Omega-3 fatty acids may not sound appealing, but these quintessential anti-trans fats promote better heart health and can save our lives. That’s excellent news since it’s estimated that 45 percent of African Americans suffer from some form of cardiovascular disease. With the help of Riska Platt, RN, the American Heart Association’s (AHA) nutritional spokesperson, RH provides the must-know answers and how they improve your health.

What are omega-3s?

Omega-3 fatty acids are a combination of several acids including eicosapentaenic acid (EPA) and docosahexanoic acid (DHA). Both are found in high volumes in cold-water fish, such as salmon, tuna and sardines. “Fish is not only an excellent source for omega-3s, it’s a great source of protein too,” Platt says. “And it doesn’t have as much saturated fat as other meats do.” But Platt emphasizes that how you prepare the fish is key. “Fried fish is not what we have in mind.”  

How do they protect the heart?

Although medical experts and scientists are not quite sure why these fats are heart healthy, past studies have shown that EPA and DHA lower triglyceride levels (the level of fat in your blood), prevent hardening of the arteries and lower blood pressure slightly, as well as reduce the risk of death, heart attack, dangerous abnormal heart rhythms and strokes in people with heart disease. They also thin the blood to prevent clots.

Are there other health benefits?

It is believed that omega-3s help prevent cancer cell growth, lessen fatigue and depression and reduce inflammation throughout the body. Studies are also being done to find a link between DHA and neurological functions, such as brain and eye development and as a treatment for Alzheimer’s disease.

Lots of reports warn us about dangerous mercury levels in fish. Should we be concerned?

The FDA advises the following:

  • Children and pregnant women should avoid eating those fish with the potential for the highest level of mercury contamination, such as shark, swordfish, king mackerel or tilefish.
  • You can reduce some levels of mercury by removing the skin and surface fat from these fish before cooking.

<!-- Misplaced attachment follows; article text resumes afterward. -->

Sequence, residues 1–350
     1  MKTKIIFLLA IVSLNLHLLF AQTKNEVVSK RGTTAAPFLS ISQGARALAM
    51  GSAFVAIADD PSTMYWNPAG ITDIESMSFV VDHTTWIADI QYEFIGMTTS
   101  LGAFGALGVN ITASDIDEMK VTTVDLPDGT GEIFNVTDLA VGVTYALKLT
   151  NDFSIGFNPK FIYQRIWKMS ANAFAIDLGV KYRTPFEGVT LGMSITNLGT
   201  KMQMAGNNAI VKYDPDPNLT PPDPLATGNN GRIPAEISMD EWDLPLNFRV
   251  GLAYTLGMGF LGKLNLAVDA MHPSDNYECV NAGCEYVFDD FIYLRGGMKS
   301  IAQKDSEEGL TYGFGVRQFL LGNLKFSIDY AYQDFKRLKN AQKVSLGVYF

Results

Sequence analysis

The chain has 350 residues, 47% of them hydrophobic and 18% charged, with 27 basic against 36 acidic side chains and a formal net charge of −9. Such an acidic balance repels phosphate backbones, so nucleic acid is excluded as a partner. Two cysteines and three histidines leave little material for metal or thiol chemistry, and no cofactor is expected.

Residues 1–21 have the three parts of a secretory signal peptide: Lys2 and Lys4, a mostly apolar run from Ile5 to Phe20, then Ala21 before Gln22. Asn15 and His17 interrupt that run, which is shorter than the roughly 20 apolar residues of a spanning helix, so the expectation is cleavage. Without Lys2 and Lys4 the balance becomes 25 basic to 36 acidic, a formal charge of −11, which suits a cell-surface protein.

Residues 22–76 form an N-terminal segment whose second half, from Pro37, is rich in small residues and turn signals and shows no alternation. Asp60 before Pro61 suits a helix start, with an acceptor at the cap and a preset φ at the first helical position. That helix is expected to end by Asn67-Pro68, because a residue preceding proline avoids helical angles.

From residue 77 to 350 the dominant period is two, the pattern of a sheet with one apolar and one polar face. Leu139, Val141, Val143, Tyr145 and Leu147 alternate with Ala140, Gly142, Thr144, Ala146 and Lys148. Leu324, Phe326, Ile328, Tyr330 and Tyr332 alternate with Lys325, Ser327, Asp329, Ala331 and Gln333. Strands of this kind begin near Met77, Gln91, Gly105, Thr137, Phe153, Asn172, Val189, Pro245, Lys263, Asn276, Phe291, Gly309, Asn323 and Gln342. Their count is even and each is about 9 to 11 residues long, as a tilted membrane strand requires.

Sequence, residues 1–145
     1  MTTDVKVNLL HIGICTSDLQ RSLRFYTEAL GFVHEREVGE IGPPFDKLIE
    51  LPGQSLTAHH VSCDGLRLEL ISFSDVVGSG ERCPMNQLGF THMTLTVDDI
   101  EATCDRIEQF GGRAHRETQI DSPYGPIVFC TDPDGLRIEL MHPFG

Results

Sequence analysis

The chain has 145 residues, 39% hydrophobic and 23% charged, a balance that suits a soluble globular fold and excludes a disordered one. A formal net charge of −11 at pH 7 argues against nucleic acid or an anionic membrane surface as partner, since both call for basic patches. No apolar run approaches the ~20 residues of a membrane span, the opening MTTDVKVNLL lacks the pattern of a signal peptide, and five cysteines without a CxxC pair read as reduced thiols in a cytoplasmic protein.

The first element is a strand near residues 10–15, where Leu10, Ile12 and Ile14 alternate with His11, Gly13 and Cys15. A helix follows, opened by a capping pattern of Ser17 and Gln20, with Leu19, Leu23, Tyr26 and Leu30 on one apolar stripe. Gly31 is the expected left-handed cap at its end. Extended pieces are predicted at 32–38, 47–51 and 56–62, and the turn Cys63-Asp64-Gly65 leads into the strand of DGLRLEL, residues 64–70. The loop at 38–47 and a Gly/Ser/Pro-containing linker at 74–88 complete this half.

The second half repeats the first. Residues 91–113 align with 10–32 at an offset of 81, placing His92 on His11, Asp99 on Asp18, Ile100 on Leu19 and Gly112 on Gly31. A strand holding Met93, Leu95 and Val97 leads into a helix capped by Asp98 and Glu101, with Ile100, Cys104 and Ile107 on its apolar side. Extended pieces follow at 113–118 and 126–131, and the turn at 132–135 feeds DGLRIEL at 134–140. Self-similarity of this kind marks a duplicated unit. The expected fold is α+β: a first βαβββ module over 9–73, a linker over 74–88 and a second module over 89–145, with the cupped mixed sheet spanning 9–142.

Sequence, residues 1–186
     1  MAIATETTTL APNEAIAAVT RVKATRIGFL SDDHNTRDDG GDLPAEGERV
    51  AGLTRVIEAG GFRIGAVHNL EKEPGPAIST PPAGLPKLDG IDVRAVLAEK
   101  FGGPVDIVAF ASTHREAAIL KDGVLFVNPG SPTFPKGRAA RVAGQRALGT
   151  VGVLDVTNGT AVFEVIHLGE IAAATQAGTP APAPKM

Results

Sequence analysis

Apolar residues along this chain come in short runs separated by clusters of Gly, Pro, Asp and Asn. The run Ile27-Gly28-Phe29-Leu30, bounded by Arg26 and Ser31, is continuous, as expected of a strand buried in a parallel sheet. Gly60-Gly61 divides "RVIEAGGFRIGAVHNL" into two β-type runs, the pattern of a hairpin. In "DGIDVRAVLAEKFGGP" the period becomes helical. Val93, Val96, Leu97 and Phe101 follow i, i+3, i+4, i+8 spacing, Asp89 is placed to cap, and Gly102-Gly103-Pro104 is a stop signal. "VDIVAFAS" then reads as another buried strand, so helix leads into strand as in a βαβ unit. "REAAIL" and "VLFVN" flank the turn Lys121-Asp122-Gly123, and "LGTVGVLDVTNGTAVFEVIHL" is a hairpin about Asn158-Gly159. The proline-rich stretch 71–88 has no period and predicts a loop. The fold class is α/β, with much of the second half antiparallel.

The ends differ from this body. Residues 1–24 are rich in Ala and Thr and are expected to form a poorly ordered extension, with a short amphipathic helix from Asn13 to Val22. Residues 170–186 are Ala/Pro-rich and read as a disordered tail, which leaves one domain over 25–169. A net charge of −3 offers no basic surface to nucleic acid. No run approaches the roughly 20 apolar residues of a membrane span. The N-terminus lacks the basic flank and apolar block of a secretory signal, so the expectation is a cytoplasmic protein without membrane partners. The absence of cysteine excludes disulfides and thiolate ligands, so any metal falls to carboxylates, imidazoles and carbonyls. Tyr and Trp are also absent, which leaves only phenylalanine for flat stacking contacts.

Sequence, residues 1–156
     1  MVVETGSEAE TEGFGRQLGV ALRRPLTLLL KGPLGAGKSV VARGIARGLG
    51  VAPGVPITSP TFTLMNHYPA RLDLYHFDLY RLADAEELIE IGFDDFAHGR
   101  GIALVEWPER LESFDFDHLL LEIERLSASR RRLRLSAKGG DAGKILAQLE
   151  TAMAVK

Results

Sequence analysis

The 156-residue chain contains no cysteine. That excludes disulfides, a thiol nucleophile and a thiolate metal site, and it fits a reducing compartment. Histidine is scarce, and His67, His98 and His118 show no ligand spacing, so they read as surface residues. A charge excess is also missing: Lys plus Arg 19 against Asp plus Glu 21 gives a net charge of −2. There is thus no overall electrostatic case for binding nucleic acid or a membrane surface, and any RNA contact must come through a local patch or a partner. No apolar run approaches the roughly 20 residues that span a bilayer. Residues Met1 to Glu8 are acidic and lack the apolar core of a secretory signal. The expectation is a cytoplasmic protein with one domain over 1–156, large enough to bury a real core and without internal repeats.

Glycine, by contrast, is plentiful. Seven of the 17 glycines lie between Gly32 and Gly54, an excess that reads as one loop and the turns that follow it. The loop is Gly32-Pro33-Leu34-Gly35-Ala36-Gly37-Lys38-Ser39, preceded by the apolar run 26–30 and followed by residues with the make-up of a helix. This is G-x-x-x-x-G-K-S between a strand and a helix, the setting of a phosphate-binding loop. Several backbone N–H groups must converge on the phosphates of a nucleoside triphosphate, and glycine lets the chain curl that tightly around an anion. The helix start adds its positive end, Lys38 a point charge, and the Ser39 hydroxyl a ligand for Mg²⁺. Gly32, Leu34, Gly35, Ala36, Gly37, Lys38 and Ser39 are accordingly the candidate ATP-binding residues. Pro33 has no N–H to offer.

But don’t give up on fish, pleads Platt. “The AHA believes that the benefits outweigh the risks,” she says.

But what if you don’t like fish?

Some plant forms contain alpha-linolenic acid (ALA), which becomes an omega-3 once the body digests it. ALA can be found in flaxseeds, tofu, walnuts, soybeans, canola, walnuts and certain cooking oils. “These types may be inefficient, however, so if at possible, we recommend that you eat the fish,” Platt suggests.

How much omega-3s should I consume?

The AHA has issued their own guidelines:
  • Patients without documented coronary heart disease (CHD) should eat a variety of fish (preferably fatty) at least twice a week and that include oils and foods rich in ALA.
  • Patients with documented CHD should consume about 1 gram of EPA and DHA per day, preferably from fatty fish. Also, patients should consult with their physician about taking EPA and DHA in capsule form.
  • Patients who need to lower triglyceride levels should consume 2 to 4 grams of EPA and DHA daily, in capsule form, under a physician’s care.

What should I look for in a supplement?

Supplements are a good way to get omega-3s in your diet if you don’t eat your recommended value. “These supplements have gotten better over time—just make sure your supplements have both DHA and EPA,” advises Platt. As with other supplements, however, you cannot rely on pills alone.

Want to learn about more ways to help your heart? Read RH’s web exclusive “Five Heart-Healthy Resolutions for 2008.”